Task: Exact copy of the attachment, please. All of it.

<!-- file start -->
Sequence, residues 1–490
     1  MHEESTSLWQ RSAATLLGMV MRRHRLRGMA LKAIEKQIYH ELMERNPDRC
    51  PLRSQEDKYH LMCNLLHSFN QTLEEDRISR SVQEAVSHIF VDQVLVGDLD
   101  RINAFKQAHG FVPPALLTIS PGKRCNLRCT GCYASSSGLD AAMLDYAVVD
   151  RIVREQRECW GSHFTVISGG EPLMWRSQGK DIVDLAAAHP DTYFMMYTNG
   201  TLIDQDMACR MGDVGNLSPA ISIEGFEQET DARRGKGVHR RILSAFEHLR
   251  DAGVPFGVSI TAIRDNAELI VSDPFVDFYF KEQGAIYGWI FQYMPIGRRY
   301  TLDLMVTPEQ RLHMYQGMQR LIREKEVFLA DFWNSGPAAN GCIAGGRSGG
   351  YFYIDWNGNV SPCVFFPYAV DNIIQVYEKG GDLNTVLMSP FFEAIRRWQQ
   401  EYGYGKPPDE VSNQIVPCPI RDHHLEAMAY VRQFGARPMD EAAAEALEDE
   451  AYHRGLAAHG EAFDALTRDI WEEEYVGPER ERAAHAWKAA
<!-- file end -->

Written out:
Sequence, residues 1–490
     1  MHEESTSLWQ RSAATLLGMV MRRHRLRGMA LKAIEKQIYH ELMERNPDRC
    51  PLRSQEDKYH LMCNLLHSFN QTLEEDRISR SVQEAVSHIF VDQVLVGDLD
   101  RINAFKQAHG FVPPALLTIS PGKRCNLRCT GCYASSSGLD AAMLDYAVVD
   151  RIVREQRECW GSHFTVISGG EPLMWRSQGK DIVDLAAAHP DTYFMMYTNG
   201  TLIDQDMACR MGDVGNLSPA ISIEGFEQET DARRGKGVHR RILSAFEHLR
   251  DAGVPFGVSI TAIRDNAELI VSDPFVDFYF KEQGAIYGWI FQYMPIGRRY
   301  TLDLMVTPEQ RLHMYQGMQR LIREKEVFLA DFWNSGPAAN GCIAGGRSGG
   351  YFYIDWNGNV SPCVFFPYAV DNIIQVYEKG GDLNTVLMSP FFEAIRRWQQ
   401  EYGYGKPPDE VSNQIVPCPI RDHHLEAMAY VRQFGARPMD EAAAEALEDE
   451  AYHRGLAAHG EAFDALTRDI WEEEYVGPER ERAAHAWKAA